5 Tips for Teaching Your Kids How to Pick a Healthy School Lunch
Getting your kids to make healthy food choices can often feel like an uphill battle. Packing a wholesome lunch is one way to control what they eat when they're at school and help them avoid the unhealthy choices available there. But every family has their own hectic schedule, and it's not always easy to find that extra time in the morning to pack a good meal.
Luckily, you can empower your children to make healthy school lunch choices on their own. Of course, explaining nutrition to kids isn't the easiest of tasks -- you have to find ways to make it fun and engaging. Here are five tips to help you make healthy eating easy and approachable for your kids.
Get Them Excited About Fruits and Veggies
You know that fruits and vegetables will provide your kids with stable energy and help them finish the school day strong. But how do you get them to pass on the french fries and chips and opt for the carrots instead?
Instead of listing the health benefits of fruits and veggies, reframe the conversation. Children idolize superheroes and their awe-inspiring abilities -- tell them that fruits and veggies will give them their own superpowers. They'll be able to complete math problems more quickly, remember more of what they read, or score more goals in their soccer game. When they associate healthy foods with these abilities, they'll be more likely to add produce to their plate.
Expose Them to Produce Early
If your kids are already used to the fruits and veggies served at school, they'll be more comfortable choosing them at lunch time. Check the school's website, or call directly for the school lunch calendar. If it's not yet available, find copies of previous lunch schedules, which may be comparable.
Look at the most common fruits and vegetables offered, and start bringing those home from the grocery store. This way, your kids can try new foods in a comfortable environment at home, rather than feeling the pressure of trying them for the first time when they're surrounded by their peers.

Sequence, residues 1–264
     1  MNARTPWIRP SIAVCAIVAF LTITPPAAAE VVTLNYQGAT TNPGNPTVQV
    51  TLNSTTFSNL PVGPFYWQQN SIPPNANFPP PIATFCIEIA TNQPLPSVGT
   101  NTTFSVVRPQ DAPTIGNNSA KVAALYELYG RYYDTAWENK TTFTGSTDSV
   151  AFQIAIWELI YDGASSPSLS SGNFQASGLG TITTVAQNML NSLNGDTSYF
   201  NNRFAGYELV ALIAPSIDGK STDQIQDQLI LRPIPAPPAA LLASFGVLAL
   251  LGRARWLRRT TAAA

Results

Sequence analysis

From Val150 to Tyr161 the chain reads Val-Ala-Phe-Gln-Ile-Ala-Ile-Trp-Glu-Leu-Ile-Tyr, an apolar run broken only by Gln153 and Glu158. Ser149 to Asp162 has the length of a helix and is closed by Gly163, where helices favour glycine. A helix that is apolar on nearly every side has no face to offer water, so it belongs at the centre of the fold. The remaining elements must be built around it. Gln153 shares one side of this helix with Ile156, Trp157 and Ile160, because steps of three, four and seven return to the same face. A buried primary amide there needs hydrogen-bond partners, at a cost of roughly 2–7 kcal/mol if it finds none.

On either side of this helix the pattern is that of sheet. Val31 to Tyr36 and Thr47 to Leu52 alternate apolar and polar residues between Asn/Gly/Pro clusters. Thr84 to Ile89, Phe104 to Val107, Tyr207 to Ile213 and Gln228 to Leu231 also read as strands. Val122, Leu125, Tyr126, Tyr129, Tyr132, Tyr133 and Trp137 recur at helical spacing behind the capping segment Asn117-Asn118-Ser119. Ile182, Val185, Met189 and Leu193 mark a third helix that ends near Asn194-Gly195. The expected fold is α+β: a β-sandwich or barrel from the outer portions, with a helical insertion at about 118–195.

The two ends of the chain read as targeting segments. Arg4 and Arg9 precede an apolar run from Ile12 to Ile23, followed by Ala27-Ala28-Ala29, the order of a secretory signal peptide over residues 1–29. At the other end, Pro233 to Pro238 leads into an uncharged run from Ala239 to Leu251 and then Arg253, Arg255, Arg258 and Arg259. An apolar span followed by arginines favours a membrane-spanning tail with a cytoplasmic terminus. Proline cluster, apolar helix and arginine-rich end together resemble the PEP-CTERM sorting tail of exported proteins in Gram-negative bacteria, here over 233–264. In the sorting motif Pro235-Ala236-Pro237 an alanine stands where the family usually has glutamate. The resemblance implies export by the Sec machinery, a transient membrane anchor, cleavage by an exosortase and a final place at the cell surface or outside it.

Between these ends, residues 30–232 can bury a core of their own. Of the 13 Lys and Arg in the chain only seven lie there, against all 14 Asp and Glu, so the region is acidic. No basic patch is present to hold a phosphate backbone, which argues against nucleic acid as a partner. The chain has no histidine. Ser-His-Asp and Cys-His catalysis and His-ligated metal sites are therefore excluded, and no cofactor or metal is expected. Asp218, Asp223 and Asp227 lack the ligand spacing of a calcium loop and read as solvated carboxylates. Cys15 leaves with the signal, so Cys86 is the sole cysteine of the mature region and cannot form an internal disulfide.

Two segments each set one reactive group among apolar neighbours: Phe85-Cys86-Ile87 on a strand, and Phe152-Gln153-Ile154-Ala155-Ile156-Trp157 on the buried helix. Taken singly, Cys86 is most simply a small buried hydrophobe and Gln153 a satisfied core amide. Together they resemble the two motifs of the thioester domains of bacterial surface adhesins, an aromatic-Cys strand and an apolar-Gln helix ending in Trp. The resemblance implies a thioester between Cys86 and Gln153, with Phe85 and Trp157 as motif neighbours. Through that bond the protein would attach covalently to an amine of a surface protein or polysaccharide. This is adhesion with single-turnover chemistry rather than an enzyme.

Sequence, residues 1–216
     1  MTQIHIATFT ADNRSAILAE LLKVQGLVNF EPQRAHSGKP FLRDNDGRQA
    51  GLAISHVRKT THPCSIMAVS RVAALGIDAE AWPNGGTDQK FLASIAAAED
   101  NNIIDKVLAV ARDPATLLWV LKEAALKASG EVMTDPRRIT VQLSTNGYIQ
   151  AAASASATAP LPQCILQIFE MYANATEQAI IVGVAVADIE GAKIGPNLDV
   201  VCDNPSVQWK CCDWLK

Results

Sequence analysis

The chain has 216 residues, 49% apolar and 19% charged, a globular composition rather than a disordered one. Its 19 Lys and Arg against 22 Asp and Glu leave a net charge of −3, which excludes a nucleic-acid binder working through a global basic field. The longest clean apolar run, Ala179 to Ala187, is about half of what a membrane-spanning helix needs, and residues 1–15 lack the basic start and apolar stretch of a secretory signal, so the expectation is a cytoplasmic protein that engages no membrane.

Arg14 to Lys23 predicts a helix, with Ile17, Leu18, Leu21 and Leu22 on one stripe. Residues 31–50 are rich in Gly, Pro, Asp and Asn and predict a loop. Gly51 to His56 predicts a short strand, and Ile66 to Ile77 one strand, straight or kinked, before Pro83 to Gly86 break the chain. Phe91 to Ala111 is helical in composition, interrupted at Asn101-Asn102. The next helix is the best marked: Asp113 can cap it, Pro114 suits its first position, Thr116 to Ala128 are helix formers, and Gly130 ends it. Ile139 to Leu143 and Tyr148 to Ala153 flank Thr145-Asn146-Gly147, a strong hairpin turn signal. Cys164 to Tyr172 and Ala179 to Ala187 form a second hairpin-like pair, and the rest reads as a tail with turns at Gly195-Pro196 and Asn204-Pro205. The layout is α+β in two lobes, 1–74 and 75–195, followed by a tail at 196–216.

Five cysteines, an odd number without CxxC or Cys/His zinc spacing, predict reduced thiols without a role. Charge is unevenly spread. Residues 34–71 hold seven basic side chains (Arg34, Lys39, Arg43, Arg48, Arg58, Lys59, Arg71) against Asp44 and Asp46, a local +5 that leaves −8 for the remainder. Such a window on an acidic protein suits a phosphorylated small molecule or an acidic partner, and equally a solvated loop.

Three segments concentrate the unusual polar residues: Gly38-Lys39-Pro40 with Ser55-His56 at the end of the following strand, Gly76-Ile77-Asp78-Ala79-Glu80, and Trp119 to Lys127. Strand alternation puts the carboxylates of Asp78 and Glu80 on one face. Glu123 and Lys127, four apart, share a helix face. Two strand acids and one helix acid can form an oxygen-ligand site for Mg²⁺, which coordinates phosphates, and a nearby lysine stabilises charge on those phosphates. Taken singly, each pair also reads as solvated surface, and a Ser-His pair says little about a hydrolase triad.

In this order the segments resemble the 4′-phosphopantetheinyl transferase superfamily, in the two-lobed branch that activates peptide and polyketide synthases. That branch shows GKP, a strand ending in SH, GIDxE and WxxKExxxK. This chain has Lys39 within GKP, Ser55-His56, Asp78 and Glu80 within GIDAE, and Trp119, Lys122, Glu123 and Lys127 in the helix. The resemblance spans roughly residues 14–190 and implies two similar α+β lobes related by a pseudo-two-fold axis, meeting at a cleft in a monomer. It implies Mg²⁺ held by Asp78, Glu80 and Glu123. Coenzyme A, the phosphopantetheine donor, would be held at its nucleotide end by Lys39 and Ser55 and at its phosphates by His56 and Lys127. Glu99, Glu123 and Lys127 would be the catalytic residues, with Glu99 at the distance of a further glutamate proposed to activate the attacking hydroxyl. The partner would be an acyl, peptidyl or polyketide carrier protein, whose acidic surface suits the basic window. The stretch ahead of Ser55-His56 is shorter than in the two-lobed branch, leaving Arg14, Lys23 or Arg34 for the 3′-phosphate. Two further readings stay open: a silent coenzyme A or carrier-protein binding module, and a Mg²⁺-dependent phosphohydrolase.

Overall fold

Taste the Rainbow
Why not make eating fruits and vegetables a game? The American Heart Association (AHA) recommends challenging your kids to eat as many different colors of fruits and vegetables as they can. When you talk about their days, ask how many colors they ate at lunch and what food corresponds with each of those colors.
This is a fun way to get your kids eating a wide variety of fruits and vegetables, and it also offers you a chance to explain the different health benefits that come with the colors of certain nutrients. For example:
- Beta-carotene, which produces the bright-orange color of sweet potatoes and carrots, is a precursor to vitamin A and promotes healthy skin, good vision, and a robust immune system.
- Anthocyanins, responsible for the deep purple and blue colors of blueberries and cranberries, offer anti-inflammatory and anti-cancer benefits.
Choose Grilled Meats Over Fried
If your kids have a choice between grilled and fried meats, grilled will just about always be the better option, according to the AHA. Grilled meats are prepared without added breading and usually aren't cooked in as much potentially unhealthy oil as the deep-fried options.
Kids often love the crunch or flavor that fried foods offer, so play up the superpowers of grilled meats like you did with produce to make the healthy choice more enticing. Tell your kids that choosing grilled chicken breast will make them stronger and faster in their sport of choice, while fried chicken will make them feel sluggish and slow.
Wash It Down With Water or Milk
Kids often reach for the sweetness of soda or juice, but that sugar inevitably leads to a crash not long after. Tell your children about how sugary drinks affect their energy levels. Explain that while they may feel good during the sugar rush, pretty soon they'll be too tired to enjoy the rest of their day -- even recess!
Instead of sugary drinks, guide your kids toward better options such as water or milk, which provide hydration and energy without the afternoon crash.
Most importantly, make food fun. They'll be ready to learn the specifics of nutrition as they get older, but right now, it's time to get them excited to make healthy school lunch choices.
Posted in Family Health
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*This information is for educational purposes only and does not constitute health care advice. You should always seek the advice of your doctor or physician before making health care decisions.